At present electric cars don`t pay the congestion charge so if all the cars became electric I wonder what the new charge would be called, perhaps `entry charge`. For sure the money would still be generated some way or another.
Source London has 1400 charge points in London and the outer suburbs with more planned. The site states £10 fee per year with no extra charge for charging vehicles.
This is a G Wiz electric car I photographed in central London. They date back to about 2005 when the cost new was about £7000 ($11400). A car of similar age (2006) would cost £3000 ($4890) complete with new set of batteries. The above site `cost new link` states free parking in London for electrics, that was 2005 so not sure about 2014.
Nissan Leaf. £16,490 ($26,870) plus you have a battery rental to pay which varies according to contract length. £21,490 ($35k) gives you ownership of car and batteries. These prices include taxes and a UK government grant of £5k-$8k. So without the grant an expensive car. Interesting article here but remember when reading the bit about double cost of an equivalent car he is testing a top of the range Leaf. A Ford focus studio is priced at £14k ($22.8k) so about £12k price difference. Remember that £21.490 price above is after the £5k grant.
I know some might say I have to much time on my hands and it`s true. Us old folk call it retirement. So with all this time I have worked out a plan.
Lease a mid range Nissan Leaf Acenta.
Cost £200 per month includes battery hire based on 6,000 miles per annum.
Say you drive in to London from 60 miles out. The 120 daily mileage is allowing for holidays within the 6,000 miles per annum.
The train ticket is £5132 (I used Northampton to Euston). Now perhaps you travel across the capital so there are extra costs, perhaps £4 per day, £960 per annum.
The car parking and battery recharge is free in London.
The 4year car contract involves a deposit so I have factored in this cost in the yearly cost.
The car is £3462.($5643) The trains total £6092($9929)
Of course if you bought the used G-Wiz at the top of page for £3000 you would need only run it 6 months to get your money back.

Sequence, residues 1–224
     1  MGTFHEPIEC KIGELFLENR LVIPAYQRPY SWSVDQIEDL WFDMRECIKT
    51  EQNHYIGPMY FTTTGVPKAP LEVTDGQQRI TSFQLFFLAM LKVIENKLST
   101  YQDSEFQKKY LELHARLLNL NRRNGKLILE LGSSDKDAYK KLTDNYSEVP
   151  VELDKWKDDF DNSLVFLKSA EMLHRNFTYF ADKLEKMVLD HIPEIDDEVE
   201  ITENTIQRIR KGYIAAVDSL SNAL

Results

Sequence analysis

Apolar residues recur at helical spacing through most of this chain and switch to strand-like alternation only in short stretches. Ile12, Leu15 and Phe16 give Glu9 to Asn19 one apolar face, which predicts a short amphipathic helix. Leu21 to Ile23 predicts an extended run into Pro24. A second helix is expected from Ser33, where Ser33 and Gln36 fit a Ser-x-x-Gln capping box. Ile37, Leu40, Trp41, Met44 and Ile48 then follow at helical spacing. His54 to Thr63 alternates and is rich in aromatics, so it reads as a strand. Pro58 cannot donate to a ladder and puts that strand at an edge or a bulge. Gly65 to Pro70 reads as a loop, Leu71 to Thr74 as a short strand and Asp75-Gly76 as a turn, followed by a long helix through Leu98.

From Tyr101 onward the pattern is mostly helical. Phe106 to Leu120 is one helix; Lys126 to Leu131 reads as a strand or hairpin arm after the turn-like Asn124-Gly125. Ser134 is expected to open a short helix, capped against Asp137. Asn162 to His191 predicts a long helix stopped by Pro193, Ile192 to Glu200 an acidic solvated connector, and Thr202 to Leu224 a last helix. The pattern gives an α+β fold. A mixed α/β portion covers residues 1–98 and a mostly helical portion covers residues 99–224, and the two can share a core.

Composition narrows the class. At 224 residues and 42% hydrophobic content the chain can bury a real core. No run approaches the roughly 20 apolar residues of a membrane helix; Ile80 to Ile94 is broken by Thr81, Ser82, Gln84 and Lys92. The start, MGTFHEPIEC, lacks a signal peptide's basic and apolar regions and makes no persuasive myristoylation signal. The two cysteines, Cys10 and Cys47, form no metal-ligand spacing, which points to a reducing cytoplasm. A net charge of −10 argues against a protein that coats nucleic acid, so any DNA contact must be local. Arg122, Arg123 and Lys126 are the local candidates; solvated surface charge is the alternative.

I know car insurance and some maintenance(for non diy folk) needs adding but the train fares do increase by a fair bit each year and train delays and cancellations are beyond the control of commuters.
If you really want to cut your commuting costs the Renault Twizy -where do they get these names- can be yours for about £7,000 ($11400). I think folding doors came to £500 plus the battery hire was £55. You do your own research but not bad just as a 50mph commute car.
Bauhaus Barge is all electric and in 2011 was for sale at £120.000 ($195k). It has a 1.2 ton battery bank. It is currently moored on the Paddington arm at Kensal Green.
Castle Narrowboats they are the only all electric boats for hire on the canal system. They are on the Monmouthshire and Brecon canal in Wales a 33 mile section isolated from the main canal system. There are six charge points which for two boats seems reasonable although if both boats head down to Pontypool (map) together the one charge point could be a problem.
In August, pretty much high season, a four berth boat will cost £1239 that`s about $2019 per week depending on exchange rates. The diesel powered boats in the fleet have the same hire price.
Electric Barge/Floating classroom came into Paddington while we were there.
Impulse a narrowboat powered solely by the suns rays. Picture from the site. Canal River Trust give a 25% discount on the canal boat licence for electrically powered boats.
Can you imagine all boats being electric and the hole in CRT finances as 35,000 boats claim a 25% discount. Like the congestion charge this drop in income would need to be raised in other ways.
Another consideration would be the number of charge points needed. Ok that 35,000 figure is not the boats cruising the waterways as most will be sitting in marinas. Not sure of the number of boats along the towpaths, and lets not get into the continuous cruiser debate, but whether or not they move they still need power. Remember all electric, no diesel engines. If the number was 4,000 we would need a charging point every half mile along our 2,000 miles of CaRT waterways. What happens in the main season when all those extra boats exit marinas to cruise the system? With a lot of boats using solar panels the summer would mean a lot of vacant charging points but still a lot of boats seeking a charge point in the honeypot areas.
All the above came from that top of page picture of the G Wiz I snapped in London for no other reason than it was something not seen on every street.
Perhaps electric power has a long way to go but it was fun to sit researching this on a quiet canal side mooring with solar powering my laptop and all the boats electrical needs.
I do so love our life afloat.
Another solar boat here.
U.S. readers might find this one interesting.